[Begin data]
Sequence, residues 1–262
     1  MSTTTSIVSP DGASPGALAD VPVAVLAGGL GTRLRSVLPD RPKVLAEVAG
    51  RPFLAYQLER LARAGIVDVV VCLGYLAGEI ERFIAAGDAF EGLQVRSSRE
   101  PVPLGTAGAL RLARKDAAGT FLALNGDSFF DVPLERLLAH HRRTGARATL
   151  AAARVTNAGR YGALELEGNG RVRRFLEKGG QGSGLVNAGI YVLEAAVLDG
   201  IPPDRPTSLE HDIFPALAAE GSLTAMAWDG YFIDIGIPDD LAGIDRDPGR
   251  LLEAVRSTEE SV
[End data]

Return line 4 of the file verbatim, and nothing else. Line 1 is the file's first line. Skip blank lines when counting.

   101  PVPLGTAGAL RLARKDAAGT FLALNGDSFF DVPLERLLAH HRRTGARATL